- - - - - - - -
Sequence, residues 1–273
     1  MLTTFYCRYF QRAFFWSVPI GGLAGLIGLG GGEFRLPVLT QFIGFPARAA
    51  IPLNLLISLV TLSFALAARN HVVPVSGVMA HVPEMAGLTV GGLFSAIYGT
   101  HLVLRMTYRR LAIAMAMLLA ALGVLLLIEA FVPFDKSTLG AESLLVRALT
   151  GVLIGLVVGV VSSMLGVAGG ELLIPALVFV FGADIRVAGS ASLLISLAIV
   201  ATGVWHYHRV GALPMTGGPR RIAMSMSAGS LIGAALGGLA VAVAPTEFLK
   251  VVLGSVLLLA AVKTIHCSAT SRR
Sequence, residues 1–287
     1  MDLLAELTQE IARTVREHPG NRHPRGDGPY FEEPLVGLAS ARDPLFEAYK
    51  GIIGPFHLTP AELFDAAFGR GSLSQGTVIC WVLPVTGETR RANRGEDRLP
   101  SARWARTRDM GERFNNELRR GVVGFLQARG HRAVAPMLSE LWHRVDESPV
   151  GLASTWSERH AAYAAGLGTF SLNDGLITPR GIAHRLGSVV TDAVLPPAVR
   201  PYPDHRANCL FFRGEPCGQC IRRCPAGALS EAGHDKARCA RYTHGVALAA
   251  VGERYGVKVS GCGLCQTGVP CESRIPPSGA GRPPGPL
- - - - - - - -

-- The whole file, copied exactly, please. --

Sequence, residues 1–273
     1  MLTTFYCRYF QRAFFWSVPI GGLAGLIGLG GGEFRLPVLT QFIGFPARAA
    51  IPLNLLISLV TLSFALAARN HVVPVSGVMA HVPEMAGLTV GGLFSAIYGT
   101  HLVLRMTYRR LAIAMAMLLA ALGVLLLIEA FVPFDKSTLG AESLLVRALT
   151  GVLIGLVVGV VSSMLGVAGG ELLIPALVFV FGADIRVAGS ASLLISLAIV
   201  ATGVWHYHRV GALPMTGGPR RIAMSMSAGS LIGAALGGLA VAVAPTEFLK
   251  VVLGSVLLLA AVKTIHCSAT SRR
Sequence, residues 1–287
     1  MDLLAELTQE IARTVREHPG NRHPRGDGPY FEEPLVGLAS ARDPLFEAYK
    51  GIIGPFHLTP AELFDAAFGR GSLSQGTVIC WVLPVTGETR RANRGEDRLP
   101  SARWARTRDM GERFNNELRR GVVGFLQARG HRAVAPMLSE LWHRVDESPV
   151  GLASTWSERH AAYAAGLGTF SLNDGLITPR GIAHRLGSVV TDAVLPPAVR
   201  PYPDHRANCL FFRGEPCGQC IRRCPAGALS EAGHDKARCA RYTHGVALAA
   251  VGERYGVKVS GCGLCQTGVP CESRIPPSGA GRPPGPL